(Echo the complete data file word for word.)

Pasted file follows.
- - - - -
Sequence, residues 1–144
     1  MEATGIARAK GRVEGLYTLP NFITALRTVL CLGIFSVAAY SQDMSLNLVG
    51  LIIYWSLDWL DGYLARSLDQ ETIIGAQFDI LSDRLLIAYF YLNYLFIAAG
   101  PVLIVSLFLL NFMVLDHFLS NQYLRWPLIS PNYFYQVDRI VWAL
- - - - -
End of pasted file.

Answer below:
Sequence, residues 1–144
     1  MEATGIARAK GRVEGLYTLP NFITALRTVL CLGIFSVAAY SQDMSLNLVG
    51  LIIYWSLDWL DGYLARSLDQ ETIIGAQFDI LSDRLLIAYF YLNYLFIAAG
   101  PVLIVSLFLL NFMVLDHFLS NQYLRWPLIS PNYFYQVDRI VWAL